Six years ago I was inspired by a story about how Groningen had controlled its motor traffic by blocking routes through its centre, and suggested the same thing be done in Oxford. Richard Mann pointed out that the Groningen "ring road" was 5km long where Oxford's was 25km, however, and there didn't seem much enthusiasm even in CyclOx for the idea.
The steady increase in city centre congestion, and its unpleasantness for walking or cycling or indeed anyone, has kept this idea alive. Geography leaves the only ways to gain space as fantasies about bus tunnels or cable cars; parking restrictions and congestion charges could help, but seem likely to bring only small improvements. And now there's a new organisation Oxfordshire Liveable Streets advocating the same idea, inspired by the same example. Their starting point was a Guardian story about Groningen, and at their launch event we spoke to one of the councillors who had pushed through the changes there in the 1970s.
Groningen has an outer ring (the N370-N7-N46) which at 20km approaches the size of Oxford's, but has a network of routes inside that providing connectivity. (Unexpectedly to me, Groningen sprawls considerably more than Oxford does, with a good chunk of the city outside that ring.) But there are plenty of examples from other cities with circulation plans involving disconnected sections within quite large rings: Ghent for example has a 13km ring, and Houten a 14km figure-eight. After Amsterdam finishes its latest changes (starting in 2018) it will have something like a 13km ring. Utrecht has a policy of trying to push private motor traffic to its outer (28km) motorway ring.
One problem in Oxford is that the ring road here is not actually designed as such, but has been cobbled together piecemeal. It consists of two major through routes, the A34 and A40, which don't even have a proper junction, augmented with the A4142 "Eastern Bypass"; and only the A34 is proper freeway, the other sections have multiple traffic lights and roundabouts on them. Congestion and delays can make it unattractive to use the ring road rather than cutting through the city centre, despite the problems there, and pushing more traffic onto the ring road is only going to make that worse. (Though this cuts both ways: if we can shift commuters into Oxford from cars to buses, that will improve things for through traffic, not just inside the city.) Groningen's 20km ring also carries through traffic, Houten is more isolated, and Ghent has an outer 40km ring that should take most bypass traffic.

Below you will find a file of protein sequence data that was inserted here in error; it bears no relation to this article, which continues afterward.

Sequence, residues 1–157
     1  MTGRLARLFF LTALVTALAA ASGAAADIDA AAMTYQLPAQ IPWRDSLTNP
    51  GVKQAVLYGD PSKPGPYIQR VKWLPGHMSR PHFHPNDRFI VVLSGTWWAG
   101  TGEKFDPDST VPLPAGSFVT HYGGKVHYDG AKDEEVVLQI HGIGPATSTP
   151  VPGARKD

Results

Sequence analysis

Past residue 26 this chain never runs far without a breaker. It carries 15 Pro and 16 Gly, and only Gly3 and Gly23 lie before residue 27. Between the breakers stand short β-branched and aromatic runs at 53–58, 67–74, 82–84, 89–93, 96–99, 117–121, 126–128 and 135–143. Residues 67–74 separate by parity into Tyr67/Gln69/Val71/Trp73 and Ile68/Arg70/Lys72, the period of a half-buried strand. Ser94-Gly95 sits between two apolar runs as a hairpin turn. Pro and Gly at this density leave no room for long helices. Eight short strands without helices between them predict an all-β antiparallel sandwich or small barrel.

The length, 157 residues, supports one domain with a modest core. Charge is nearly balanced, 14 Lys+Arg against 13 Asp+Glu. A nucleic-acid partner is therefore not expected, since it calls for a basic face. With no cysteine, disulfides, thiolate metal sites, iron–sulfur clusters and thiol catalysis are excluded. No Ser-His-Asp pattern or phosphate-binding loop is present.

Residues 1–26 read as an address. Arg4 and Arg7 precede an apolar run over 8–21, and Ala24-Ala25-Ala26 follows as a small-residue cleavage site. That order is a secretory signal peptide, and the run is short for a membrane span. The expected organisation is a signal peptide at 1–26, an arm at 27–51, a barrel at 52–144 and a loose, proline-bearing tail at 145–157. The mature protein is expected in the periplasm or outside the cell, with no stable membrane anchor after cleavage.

The point of a ring-road or bypass should be to allow almost all traffic to be removed from the city centre, not just to provide an alternative route, as Mark Treasure explains in "Bypassing the Bypass". If the Oxford ring road is ever upgraded, that should definitely be part of a package including Dutch-style restraints on through routes. But can we wait on that?